However, building rule of law is difficult.  The ruling party has now once more put the rule of law on its highest agenda.  This is a political precondition for realizing a rule of law society.  During this process there will be very many problems of misunderstanding and political difficulties.  In China, the problem of understanding is manifested in at least three ways.   The first is traditional culture.   Traditional China never developed the spirit of rule of law.  China always stressed “ruling the country according to the law”.  That meant that the rulers use law to govern the country — that is the philosophy of the Legalist School of Chinese philosophy.  Down to this day, this concept is very deep-rooted and widespread.

Ever since the beginning of opening and reform, people have debated “which is more important, the Chinese Communist Party or the law? “  This concern is rooted in traditional thinking.  In fact, one cannot take the system of “party discipline and state laws to mean that Party cadres need only face the sanction of party discipline and are not subject to the punishment of the state’s laws.  In everyday life it doesn’t work that way.  Now the rule of law is being promoted and the Communist Party should also be ruled by the law.   This means that the rule of law needs to be brought into the governance of the Communist Party itself.  Whenever a Party cadre or official commits a crime, they should receive the punishment not just of party discipline but of the laws of the state as well.

The second obstacle to building the rule of law in China is the understanding that “law is a social tool”. That concept is the other side of the idea in traditional culture that “law is the tool of the rulers”.  The Chinese traditional view that “The law does not apply when everyone breaks the law” means that when there are many lawbreakers there is no need to think about the law.   This way of thinking is especially widespread in Asian countries where there is no rule of law tradition.  For example, the Taiwan students can ignore the law and occupy the Legislative Yuan and have behind-the-scenes support from several political parties.  Even Hong Kong which had an English colonial rule of law tradition has become widespread.  Some students and political forces are vigorously promoting the Occupy Central movement.  They hope to achieve their political goal by illegal means.  The China mainland is the same way.  In every social movement, rule of law is the most honest victim.  When it comes to lawyers, we see today how Chinese lawyers depart from the rule of law and appeal to public opinion.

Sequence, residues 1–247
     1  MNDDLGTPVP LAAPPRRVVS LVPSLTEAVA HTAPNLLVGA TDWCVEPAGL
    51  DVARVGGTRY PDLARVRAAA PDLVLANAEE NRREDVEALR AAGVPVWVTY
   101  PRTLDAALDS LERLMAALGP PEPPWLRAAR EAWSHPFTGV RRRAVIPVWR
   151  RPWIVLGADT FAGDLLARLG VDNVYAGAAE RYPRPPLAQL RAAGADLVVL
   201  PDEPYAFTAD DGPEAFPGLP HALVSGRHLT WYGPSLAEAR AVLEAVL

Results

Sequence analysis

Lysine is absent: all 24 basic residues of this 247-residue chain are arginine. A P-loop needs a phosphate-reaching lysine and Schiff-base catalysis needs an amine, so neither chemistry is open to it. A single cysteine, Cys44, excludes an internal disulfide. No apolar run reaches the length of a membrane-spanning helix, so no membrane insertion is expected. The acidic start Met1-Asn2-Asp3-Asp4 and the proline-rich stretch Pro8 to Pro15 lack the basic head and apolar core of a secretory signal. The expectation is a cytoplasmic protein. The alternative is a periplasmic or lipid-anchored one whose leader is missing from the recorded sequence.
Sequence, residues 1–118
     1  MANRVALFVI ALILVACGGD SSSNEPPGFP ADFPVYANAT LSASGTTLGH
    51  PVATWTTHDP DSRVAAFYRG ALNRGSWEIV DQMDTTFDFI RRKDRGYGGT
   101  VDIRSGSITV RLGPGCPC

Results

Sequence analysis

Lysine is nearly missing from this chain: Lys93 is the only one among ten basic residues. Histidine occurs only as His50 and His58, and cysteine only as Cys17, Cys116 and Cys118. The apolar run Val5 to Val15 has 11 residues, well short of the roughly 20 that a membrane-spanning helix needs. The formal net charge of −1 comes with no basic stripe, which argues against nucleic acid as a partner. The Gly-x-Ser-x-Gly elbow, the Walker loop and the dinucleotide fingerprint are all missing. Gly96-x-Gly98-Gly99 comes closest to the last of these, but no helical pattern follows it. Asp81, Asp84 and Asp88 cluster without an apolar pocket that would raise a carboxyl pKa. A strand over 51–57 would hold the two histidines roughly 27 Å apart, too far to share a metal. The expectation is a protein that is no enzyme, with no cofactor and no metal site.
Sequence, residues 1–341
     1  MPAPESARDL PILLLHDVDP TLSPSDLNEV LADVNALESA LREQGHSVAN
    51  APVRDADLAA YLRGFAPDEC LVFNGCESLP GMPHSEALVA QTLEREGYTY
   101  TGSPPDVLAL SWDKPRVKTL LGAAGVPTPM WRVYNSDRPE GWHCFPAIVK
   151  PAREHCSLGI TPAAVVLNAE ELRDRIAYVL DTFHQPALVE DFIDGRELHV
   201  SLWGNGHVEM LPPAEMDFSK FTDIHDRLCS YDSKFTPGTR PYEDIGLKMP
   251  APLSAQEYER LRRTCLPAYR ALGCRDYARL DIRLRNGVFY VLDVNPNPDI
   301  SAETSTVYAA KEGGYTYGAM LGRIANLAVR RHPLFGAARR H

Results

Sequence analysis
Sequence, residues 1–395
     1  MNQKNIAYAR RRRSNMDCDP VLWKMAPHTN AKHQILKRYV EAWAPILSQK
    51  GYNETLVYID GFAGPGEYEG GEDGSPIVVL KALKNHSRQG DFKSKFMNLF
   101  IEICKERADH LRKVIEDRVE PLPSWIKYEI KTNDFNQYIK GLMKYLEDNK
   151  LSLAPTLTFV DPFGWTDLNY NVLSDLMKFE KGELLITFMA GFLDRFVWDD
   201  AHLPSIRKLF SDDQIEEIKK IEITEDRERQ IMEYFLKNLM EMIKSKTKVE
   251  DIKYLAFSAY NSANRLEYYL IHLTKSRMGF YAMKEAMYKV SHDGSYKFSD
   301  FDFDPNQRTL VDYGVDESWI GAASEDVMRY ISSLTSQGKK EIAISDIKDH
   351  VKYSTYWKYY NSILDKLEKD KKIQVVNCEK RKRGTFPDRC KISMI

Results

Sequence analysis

In fact, from the actual meaning of rule of law, the law is not a tool for the ruler and is not a tool for society.   The law is an independent third party.  A judge is a referee and a relatively impartial one at that.   Justice is a platform that supports interactions between persons, between persons and organizations (including the government), and between organizations.   Taking that law simply as a tool of the ruler or a tool of society would both lead to abuse of the law.

Of course, people should not think of justice as simply being impartial.  Justice, no matter as a government agency or as the members of that agency, is all subject to influence by other factors.  They might be influenced by the government or they might be influenced by society.  Western countries are generally regarded as rule of law countries but much experience and research has shown that justice (an in particular the judges in the justice system) cannot avoid the influence of political forces.  So-called impartiality is only relative – it depends upon a professional spirit in the legal profession that demands that they adhere strictly to the standards of their profession above all else.